By Matthew Ward | –
As rioters forced their way into the US Capitol Building on January 6, astounded CNN presenters noted that this was the first time something like this had happened for more than 200 years. And that on the occasion it was the British, an enemy power, which was responsible.
This was in August 1814 when British troops led by General Robert Ross occupied Washington DC for two days and set about methodically destroying the city’s public buildings, including the Capitol and the White House.
The War of 1812 had been underway for two years. It was a war the British had not sought. For the British its roots lay in debates over maritime rights, which had been conceded on the eve of the conflict, but news of these concessions only arrived across the Atlantic after the United States had declared war.
American politicians expected to win quickly, and many hoped that they could also conquer British Canada. The Americans burned several Canadian towns including the upper Canadian capital of York, now Toronto, but the war remained a stalemate.
By the spring of 1814, the Napoleonic Wars in Europe had ended. On March 30, the Russians had entered Paris and Napoleon had gone into exile. At last, the British felt that they could turn their attention to the war with the United States.
It would take time to send troops from Europe, but in the summer of 1814 the British possessed naval superiority. They used this to devastating effect in the Chesapeake Bay, raiding tobacco plantations and encouraging the enslaved population to join the struggle. So great was the fear of a potential slave uprising that many of the militia who might have been protecting the capital were posted nearer their homes.
In August 1814, a British naval force commanded by Vice Admiral Sir Alexander Cockburn sailed up the Patuxent River in the northern Chesapeake Bay and landed 4,500 men near the village of Benedict in Maryland.
It was not initially clear where the British intended to attack. Washington was only 30 miles away, but it was not strategically important, and little had been done to erect defences. American forces made a dismal attempt to halt the advance at Bladensburg, where the British had to cross the eastern branch of the Potomac River. So many American militiamen fled the field of battle that British troops called the affair the Bladensburg Races, and from that point they met only scattered resistance.
There was now widespread panic in Washington. The president’s wife, Dolly Madison, hastily organised the evacuation of the most important items in the President’s House, not yet called the White House. So hasty was the evacuation that when British troops arrived, they found dinner waiting.
As British troops advanced into Capitol Square, they met scattered sniper fire. Firing several rounds into the Capitol building to discourage the snipers, they forced their way inside with little difficulty. The men were impressed by the grandeur of the interior. It was not what they expected but was of imposing proportions with high ceilings and classical columns, Americanised with carvings of ears of corn decorating the capitals, while the well-proportioned rooms were filled with fine furnishings.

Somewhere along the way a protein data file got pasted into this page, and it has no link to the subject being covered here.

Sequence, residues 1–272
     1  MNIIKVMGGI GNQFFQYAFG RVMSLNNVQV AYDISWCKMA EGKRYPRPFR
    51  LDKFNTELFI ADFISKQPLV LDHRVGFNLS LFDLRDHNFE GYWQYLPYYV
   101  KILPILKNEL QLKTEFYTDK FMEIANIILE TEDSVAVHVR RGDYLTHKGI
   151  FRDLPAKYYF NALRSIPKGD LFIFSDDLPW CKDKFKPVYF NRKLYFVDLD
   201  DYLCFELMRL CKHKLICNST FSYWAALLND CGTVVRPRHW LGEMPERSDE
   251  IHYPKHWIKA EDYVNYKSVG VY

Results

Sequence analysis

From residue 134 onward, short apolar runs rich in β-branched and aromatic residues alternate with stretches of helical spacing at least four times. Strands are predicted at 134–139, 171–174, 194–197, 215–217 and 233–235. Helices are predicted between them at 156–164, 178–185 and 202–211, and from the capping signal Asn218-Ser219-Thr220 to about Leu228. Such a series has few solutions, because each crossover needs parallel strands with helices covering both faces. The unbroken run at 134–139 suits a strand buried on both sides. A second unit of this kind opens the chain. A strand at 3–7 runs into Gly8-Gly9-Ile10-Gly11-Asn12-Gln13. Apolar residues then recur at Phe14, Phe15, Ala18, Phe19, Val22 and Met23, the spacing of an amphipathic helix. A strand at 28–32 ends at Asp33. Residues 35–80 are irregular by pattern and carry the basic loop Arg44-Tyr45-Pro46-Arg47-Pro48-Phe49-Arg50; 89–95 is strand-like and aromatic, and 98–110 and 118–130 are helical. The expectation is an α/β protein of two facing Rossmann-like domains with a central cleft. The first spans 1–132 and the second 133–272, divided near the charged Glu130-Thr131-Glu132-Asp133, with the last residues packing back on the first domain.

It also proved more difficult to burn than they expected – the roof was iron and the floors and walls were stone. The troops busied themselves piling up all the furniture, books and papers and eventually started a blaze which lit the night sky over the city.
Upon seeing the flames, the French minister to the US, Louis Sérurier observed: “I have never beheld a spectacle more terrible and at the same time more magnificent.” Most of the interior was completely gutted. The heat was so intense that in places the stone columns and floor were turned to lime, and the roof collapsed.
Not content with destroying the Capitol, the British burned the President’s House. (Despite the legend it is not called the White House because it was painted white to hide the scorch marks.)
The most infamous act was probably the destruction of the Library of Congress and all of its papers and books. British commanders ordered their men to target only public buildings and spare private buildings and the US Patent Office and many Washington residents later commended their restraint.
But at the printing office of the National Intelligencer newspaper, in an episode not dissimilar from turning off a Twitter account, Admiral Cockburn ordered his men to destroy all the letter C’s so the newspaper could no longer print what he saw as their lies about him.
After two days, the British force withdrew. The burning of Washington was symbolic rather than strategic for it had a population of only 8,000 and the long-term disruption to the government was minimal. Perhaps the most significant strategic loss for the United States was the destruction of the Washington Navy Yard and several ships under construction. This was not done by British troops, however, but by American forces on the Navy secretary’s orders to prevent the enemy from capturing important supplies.
In many ways, the burning of Washington backfired on the British as it created much sympathy for the American cause in Europe. The burning of the public buildings also achieved little in the long-term.
The Capitol survived. Its design was extremely resilient, and the structure remained intact. After only five years of reconstruction, Congress was again able to hold its meetings there.
Matthew Ward, Senior Lecturer in History, University of Dundee
This article is republished from The Conversation under a Creative Commons license. Read the original article.
Featured image: The taking of the city of Washington in America, Library of Congress Prints and Photographs Division Washington.